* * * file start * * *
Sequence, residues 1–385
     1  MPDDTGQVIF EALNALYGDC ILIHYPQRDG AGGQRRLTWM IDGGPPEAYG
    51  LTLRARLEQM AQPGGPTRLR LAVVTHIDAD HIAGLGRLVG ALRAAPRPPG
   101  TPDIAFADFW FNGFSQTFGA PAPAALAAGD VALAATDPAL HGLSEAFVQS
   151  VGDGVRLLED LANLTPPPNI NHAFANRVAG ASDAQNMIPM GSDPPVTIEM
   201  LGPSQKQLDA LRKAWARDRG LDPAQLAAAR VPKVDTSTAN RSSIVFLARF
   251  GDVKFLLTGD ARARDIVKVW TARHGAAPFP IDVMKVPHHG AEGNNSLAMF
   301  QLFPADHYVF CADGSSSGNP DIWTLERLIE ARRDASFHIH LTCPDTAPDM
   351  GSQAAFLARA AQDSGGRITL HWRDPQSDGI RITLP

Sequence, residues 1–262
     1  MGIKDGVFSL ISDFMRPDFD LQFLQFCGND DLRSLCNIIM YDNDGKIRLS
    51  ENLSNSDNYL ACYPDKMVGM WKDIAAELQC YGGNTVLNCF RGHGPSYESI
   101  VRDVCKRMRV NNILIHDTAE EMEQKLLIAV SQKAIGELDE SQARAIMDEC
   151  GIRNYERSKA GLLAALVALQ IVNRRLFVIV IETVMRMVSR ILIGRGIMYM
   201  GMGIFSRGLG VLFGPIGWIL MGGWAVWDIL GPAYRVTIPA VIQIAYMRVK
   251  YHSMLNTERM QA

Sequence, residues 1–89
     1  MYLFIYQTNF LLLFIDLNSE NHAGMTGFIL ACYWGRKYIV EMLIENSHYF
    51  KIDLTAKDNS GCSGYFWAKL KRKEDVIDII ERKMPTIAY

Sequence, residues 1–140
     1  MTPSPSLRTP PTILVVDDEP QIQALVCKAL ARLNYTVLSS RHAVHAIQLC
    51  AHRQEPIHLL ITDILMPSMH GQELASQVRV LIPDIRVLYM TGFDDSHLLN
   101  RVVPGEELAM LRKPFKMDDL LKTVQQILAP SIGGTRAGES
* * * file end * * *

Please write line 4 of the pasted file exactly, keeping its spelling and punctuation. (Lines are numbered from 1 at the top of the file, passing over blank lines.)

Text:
   101  TPDIAFADFW FNGFSQTFGA PAPAALAAGD VALAATDPAL HGLSEAFVQS